Kowloon Hospital has gone green, as the first public hospital to irrigate plants with liquid fertiliser converted from food waste.
The hospital in Kowloon City has handled 400 to 500 kilograms
It was the first, among the 19 public hospitals with the machines, to start irrigating their plants with liquid fertiliser transformed from patients’ unwanted food since summer last year after finding ways to extract the liquid through fermentation.
Bosses estimated they will need around 20 per cent less conventional fertiliser.
With the help of enzymes, the waste – mostly rice, vegetables and fruit peels – decompose over 24 hours into a clear, transparent liquid.
Hospital gardeners are given 100 litres of the liquid each day to use on plants, with the rest discharged as sewage.
Jenny Wu Ching-kuen, catering manager for the Hospital Authority’s Kowloon Central cluster, said: “The pulper we used in the past just dehydrated the food waste. We still had to discard them as domestic waste.”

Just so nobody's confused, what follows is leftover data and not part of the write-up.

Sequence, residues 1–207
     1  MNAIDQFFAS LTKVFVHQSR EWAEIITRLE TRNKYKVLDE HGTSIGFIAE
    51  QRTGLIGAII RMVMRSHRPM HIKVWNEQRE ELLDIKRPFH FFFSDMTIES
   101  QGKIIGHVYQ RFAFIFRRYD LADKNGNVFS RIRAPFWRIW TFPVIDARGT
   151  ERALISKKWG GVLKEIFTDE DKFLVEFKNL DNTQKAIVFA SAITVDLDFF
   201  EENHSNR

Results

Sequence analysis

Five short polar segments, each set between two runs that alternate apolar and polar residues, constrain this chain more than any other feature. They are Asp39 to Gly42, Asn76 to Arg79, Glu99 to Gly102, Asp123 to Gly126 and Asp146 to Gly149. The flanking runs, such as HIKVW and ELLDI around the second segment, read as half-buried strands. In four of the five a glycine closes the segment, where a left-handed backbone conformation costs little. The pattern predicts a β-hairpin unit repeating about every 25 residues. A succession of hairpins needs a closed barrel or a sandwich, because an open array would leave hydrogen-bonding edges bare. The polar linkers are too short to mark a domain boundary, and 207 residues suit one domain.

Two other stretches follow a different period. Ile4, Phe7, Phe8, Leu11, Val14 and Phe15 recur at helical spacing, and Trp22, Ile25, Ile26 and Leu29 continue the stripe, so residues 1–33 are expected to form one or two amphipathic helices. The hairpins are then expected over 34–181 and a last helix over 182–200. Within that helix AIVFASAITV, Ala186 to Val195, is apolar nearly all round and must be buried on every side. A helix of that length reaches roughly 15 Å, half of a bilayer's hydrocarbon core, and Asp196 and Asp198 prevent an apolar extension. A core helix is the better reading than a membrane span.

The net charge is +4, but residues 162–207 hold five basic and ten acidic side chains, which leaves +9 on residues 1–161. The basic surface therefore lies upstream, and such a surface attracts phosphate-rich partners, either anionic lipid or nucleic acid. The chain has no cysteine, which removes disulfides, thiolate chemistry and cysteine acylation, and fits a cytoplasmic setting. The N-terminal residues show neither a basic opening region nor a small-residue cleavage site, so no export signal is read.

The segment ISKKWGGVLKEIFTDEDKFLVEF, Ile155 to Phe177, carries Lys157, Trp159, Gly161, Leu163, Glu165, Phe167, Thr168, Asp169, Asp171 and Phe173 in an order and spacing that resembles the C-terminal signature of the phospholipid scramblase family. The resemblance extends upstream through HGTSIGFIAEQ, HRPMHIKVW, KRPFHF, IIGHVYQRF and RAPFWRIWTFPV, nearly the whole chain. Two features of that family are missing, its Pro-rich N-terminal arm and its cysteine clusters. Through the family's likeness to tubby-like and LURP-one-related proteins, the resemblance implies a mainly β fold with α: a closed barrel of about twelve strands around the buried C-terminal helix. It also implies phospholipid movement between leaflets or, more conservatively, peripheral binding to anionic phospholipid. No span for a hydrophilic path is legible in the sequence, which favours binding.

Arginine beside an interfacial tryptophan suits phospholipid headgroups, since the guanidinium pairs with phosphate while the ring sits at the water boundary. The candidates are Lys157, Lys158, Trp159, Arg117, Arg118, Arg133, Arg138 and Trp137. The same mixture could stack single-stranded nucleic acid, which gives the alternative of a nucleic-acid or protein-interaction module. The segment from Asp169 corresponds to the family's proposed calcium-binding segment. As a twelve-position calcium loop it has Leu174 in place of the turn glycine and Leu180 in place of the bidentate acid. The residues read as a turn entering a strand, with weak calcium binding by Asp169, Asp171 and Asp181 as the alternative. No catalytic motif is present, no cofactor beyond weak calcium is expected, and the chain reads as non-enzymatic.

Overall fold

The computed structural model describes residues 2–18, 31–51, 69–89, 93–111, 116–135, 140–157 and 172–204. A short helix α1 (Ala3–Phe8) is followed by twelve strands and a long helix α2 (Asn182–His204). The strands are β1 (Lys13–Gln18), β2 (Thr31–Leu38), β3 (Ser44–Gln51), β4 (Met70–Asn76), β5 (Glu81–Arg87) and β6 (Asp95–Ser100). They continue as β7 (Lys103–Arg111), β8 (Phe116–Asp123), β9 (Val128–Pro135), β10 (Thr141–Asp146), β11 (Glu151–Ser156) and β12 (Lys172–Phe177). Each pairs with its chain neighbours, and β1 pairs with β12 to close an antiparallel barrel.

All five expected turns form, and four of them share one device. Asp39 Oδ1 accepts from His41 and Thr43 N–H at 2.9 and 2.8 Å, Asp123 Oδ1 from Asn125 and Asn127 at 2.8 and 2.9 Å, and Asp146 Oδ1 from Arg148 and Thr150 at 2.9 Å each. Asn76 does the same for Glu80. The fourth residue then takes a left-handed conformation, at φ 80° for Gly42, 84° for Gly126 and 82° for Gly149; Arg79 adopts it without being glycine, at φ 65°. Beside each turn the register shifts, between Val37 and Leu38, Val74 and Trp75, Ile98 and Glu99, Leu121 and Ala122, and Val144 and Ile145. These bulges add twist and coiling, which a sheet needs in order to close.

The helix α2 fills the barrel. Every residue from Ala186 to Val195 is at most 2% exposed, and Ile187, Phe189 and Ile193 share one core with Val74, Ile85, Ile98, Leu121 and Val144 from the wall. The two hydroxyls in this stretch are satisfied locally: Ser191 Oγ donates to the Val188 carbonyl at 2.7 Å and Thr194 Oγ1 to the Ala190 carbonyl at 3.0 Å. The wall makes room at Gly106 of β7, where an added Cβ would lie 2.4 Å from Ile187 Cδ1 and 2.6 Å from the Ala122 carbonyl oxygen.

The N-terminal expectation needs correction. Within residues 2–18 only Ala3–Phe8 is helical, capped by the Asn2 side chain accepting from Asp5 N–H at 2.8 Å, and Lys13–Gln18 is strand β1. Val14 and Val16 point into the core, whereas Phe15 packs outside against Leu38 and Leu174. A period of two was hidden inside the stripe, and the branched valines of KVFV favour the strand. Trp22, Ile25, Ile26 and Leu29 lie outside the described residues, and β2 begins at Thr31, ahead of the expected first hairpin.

But, while the machine handles more than 90 per cent of food waste of the three hospitals, big bones and shells can not be processed and have to be thrown out.
Dr Lam Chun, the hospital’s quality and safety director, is one of the staff to have benefited from the fertiliser, which has resuscitated the plants he keeps at home.
“The leaves of my [orange tree] all went yellow and had only 50 pieces left...I then gave the food waste fertiliser a try and watered my plant with it once a week,” said Lam. The leaves started to grow back a month later, he said, and the tree resumed normal health within six to eight months.
Henry Ngai Hon-shun, from the Organic Waste Recycling Centre, said that nitrogen, phosphorous and potassium – essential for healthy soil – are generated from food waste during a period of fermentation, which usually takes up to 30 days under natural circumstances.